Are We Bowing Down to the god of Growth?


Ten years ago the conversation changed from getting people saved to getting churches to grow. One could argue that getting churches to grow depends upon getting people saved and there is no doubt that many growing churches are seeing numerous conversions and water baptisms. However, I believe it is the exception to what’s happening in churches across the nation.

For most church leaders it seems that getting people saved has become secondary to seeing their churches grow. We are talking more about how many are being seated in our churches than how many are being saved and sent by our churches. In fact we have created a culture within church world that only celebrates, elevates and platforms leaders that have thousands of followers. Take a moment to recall the last time you went to a church leadership conference and heard from someone who wasn’t an author, a regular conference speaker, a successful church planter, or someone that hasn’t done some great exploit in the last 18 months. Bottom line is you haven’t.

Just yesterday I was listening to one of my favorite podcasts that advertised “The Double Conference.” It was specifically for Pastors that want to see their church double in size over the next year. I’m not criticizing the concept of the conference because I know the leader hosting the conference understands that when leaders grow their organizations grow. What I’m concerned about is that the pursuit of “double” has overtaken the pursuit of the Divine. 

Today leaders are generally more concerned about producing growth than they are about presenting the Gospel. Think about some of your own conversations lately. When is the last time you critiqued your presentation of the Gospel?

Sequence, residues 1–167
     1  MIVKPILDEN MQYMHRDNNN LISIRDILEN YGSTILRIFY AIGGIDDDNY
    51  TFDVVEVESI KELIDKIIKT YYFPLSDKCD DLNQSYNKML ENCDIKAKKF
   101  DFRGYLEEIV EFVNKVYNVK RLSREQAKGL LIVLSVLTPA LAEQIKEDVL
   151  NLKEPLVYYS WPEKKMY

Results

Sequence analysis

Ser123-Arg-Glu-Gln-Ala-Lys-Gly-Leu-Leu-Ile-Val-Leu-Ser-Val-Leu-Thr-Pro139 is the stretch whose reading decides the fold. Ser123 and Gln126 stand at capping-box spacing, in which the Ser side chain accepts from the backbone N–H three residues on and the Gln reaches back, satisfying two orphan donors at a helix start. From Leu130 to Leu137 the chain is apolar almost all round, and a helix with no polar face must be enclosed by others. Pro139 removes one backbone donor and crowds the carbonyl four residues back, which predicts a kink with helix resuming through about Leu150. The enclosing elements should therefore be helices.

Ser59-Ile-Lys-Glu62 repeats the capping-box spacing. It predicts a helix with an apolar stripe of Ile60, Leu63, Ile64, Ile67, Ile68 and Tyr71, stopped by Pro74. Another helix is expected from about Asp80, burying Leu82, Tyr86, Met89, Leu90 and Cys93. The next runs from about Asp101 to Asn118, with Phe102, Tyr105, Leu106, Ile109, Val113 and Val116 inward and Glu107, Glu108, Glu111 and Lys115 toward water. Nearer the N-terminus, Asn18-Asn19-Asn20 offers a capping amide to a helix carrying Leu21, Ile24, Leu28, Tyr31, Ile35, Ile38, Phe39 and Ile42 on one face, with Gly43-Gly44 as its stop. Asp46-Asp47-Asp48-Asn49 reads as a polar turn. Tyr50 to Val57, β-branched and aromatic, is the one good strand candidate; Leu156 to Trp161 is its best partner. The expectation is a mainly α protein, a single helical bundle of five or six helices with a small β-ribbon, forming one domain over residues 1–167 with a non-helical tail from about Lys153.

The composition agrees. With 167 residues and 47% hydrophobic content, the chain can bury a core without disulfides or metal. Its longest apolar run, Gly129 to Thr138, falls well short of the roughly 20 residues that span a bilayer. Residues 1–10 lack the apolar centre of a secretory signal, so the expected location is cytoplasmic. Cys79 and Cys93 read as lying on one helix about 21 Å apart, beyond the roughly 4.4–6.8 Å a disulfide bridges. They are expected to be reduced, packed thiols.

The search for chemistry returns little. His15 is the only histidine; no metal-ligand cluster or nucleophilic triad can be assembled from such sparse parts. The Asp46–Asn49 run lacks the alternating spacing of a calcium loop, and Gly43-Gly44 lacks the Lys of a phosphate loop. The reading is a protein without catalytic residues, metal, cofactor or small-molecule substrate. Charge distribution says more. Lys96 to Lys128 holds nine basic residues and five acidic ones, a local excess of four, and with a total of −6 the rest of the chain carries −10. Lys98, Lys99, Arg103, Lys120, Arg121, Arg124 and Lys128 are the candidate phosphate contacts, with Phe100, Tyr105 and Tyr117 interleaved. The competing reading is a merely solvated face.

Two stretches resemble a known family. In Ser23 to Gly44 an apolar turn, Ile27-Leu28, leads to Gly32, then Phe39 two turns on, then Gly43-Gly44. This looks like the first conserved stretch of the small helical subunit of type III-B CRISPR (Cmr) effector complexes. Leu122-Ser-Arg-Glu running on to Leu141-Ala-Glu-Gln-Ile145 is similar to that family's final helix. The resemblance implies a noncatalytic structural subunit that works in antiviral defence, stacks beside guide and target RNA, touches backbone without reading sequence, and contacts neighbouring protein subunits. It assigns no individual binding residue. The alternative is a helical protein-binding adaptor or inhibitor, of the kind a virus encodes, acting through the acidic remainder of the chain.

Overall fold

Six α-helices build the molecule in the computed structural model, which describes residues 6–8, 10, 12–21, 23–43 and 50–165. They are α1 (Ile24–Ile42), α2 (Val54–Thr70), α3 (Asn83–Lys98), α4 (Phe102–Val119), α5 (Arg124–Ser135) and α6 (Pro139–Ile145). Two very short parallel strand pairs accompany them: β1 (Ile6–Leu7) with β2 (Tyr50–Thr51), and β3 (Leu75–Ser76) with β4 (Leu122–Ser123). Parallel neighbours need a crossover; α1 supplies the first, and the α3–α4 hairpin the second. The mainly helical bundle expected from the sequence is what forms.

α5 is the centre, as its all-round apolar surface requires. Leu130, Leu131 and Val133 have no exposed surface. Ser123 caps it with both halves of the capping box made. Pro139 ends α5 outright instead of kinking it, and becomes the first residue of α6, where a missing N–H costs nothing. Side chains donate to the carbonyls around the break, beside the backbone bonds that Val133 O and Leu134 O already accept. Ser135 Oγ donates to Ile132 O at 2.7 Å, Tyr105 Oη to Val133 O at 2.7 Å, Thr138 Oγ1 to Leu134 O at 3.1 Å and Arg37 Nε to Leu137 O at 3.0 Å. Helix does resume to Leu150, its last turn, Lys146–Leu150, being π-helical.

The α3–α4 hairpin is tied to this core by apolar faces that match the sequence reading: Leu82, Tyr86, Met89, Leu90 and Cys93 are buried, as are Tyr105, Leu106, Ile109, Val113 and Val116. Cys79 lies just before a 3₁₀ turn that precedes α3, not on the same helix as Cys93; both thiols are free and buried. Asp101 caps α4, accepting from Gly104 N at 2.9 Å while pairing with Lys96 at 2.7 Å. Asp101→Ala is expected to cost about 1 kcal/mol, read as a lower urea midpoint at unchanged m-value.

If we are not careful our pursuit of God’s Divine Presence will be exchanged for Growth Driven Principles! Please hear me when I say that like Pastor Benny Perez addressed in his book, I believe it’s a “Both And” not an either or.

Pastor Benny talks about the tension of a “Both And” culture in our churches:

Should we be missional or attractional? Do we need to pray more or do we need new strategies? Is it Good Deeds or Good news? Does the Bible teach prosperity or generosity? Changing lives isn’t about easy answers. 

I’m all about growing but is it worth the price pastors and leaders are paying. We are sacrificing our families, our health, our sanity, even our churches in this principled pursuit.  I was impacted by a comment that Francis Chan, a former mega church pastor,  made at a pastors gathering I attended last year. He said he really didn’t know if God had designed leaders to handle and live under the pressures that the mega church brings.

His statement went against the grain of the current leadership mindset in the church, but I would have to agree. I don’t believe God created us to live under the constant, day in and day out pressure that exponential growth can bring if it’s only principle driven.  God doesn’t want living under unhealthy pressure, He wants us living and leading from His presence.